- The new plane doesn’t use turbines or propellers to fly.
- It is powered by the ‘ionic wind’ that produces enough thrust to propel the small aircraft.
- Researchers were able to fly it a distance of 60 meters.
The first controlled, heavier-than-air plane was developed in 1903 by Wright brothers. A year later, they came up with the first practical fixed-wing aircraft. Since then, almost all planes have flown in the sky with the help of moving parts like turbine blades and propellers.
Recently, researchers at MIT developed and flown a small plane with no moving parts. This is the first-ever aircraft that doesn’t use turbines or propellers. Instead, it is powered by the ‘ionic wind’ – the flow of ions generated aboard the aircraft, which produces enough thrust to propel the small aircraft over a long distance (in meters).
The design of this new plane is mechanically simpler, quieter and it doesn’t require fossil fuels to fly. According to the researchers, it opens up whole new possibilities for next-generation planes. In near future, such systems could replace noisy drones. In fact, they could be paired with traditional combustion machines to build hybrid, fuel-efficient aircraft.
How Does It Fly?
The concept of ionic wind dates back to 1920s. It explains the thrust that can be generated by a thick and a thin electrode when a high voltage is passed between them. The researchers started working on this concept in 2009, and it took 9 years to turn this into a first test flight.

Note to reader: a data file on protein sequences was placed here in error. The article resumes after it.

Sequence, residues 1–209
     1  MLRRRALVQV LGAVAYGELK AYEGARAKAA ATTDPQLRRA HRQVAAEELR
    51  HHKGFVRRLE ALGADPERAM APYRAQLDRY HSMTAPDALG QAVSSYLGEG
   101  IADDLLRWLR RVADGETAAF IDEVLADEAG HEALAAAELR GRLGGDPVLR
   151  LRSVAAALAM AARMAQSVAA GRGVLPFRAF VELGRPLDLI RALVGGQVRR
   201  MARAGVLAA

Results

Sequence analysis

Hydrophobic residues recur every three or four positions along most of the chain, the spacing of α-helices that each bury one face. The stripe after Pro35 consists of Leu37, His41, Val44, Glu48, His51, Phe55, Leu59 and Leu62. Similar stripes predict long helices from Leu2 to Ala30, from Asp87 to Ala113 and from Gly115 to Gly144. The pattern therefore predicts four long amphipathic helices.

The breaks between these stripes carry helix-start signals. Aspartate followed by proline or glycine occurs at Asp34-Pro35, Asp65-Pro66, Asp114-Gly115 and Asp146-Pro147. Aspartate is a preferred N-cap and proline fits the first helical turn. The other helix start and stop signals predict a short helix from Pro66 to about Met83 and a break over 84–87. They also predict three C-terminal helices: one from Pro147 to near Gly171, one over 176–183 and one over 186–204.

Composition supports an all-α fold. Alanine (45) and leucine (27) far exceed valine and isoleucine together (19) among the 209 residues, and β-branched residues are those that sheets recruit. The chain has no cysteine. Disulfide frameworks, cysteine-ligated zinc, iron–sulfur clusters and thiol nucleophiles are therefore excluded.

Rather than traditional engines, the new design contains a series of electrodes which have an array of thin wires at the front and another array of aerofoils at the back. Those thin wires are set at a high voltage (+20,000 volts), whereas the aerofoils are set at -20,000 volts.
Image credit: Christine Y. He
This forms an electric field so the ions travel from the positive to the negative, colliding with neutral air molecules in the atmosphere and forming the wind that goes behind the aircraft. That’s essentially how the aircraft flies.
The final design of the plan looks like a lightweight, large glider. The 5-meter long wing contains a series of thin and thick wires that act as positive and negative electrodes. The overall structure weighs only 2.45 kilograms.
The plane is powered by lithium-polymer batteries that together supply 40,000 volts through a lightweight power converter. This electricity is passed through the wires to form a cloud of ions, where every single ion collides thousands of times with neutral molecules in the air, forming a thrust that pushes the plane forward.
The researchers were able to fly the small aircraft a distance of 60 meters for something like 10 seconds. They repeated this experiment ten times and got the same performance.
This is just a demonstration of feasibility of ion wind propulsion technique. What they have done so far isn’t enough to be used in practical missions. The plane needs to fly longer, carry more weights and be more efficient.
The team plans to generate more ionic wind using less electricity, which will further increase the system efficiency. They are working on intensifying the thrust density – thrust produced per unit area. Also, they would like to build a plane with no visible propulsion system or without moveable control surfaces like elevators and rudders.